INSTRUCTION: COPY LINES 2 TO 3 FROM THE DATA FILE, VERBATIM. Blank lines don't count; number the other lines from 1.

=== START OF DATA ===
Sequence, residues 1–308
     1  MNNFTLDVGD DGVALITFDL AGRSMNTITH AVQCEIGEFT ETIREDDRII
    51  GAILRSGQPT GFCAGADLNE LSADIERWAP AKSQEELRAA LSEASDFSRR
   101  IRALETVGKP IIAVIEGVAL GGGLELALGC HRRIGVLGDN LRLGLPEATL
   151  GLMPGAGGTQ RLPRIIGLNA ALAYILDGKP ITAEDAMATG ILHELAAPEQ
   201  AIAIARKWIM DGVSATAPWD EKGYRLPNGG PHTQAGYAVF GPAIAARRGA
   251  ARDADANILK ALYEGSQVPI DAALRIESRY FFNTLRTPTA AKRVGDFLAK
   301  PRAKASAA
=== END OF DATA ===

     1  MNNFTLDVGD DGVALITFDL AGRSMNTITH AVQCEIGEFT ETIREDDRII
    51  GAILRSGQPT GFCAGADLNE LSADIERWAP AKSQEELRAA LSEASDFSRR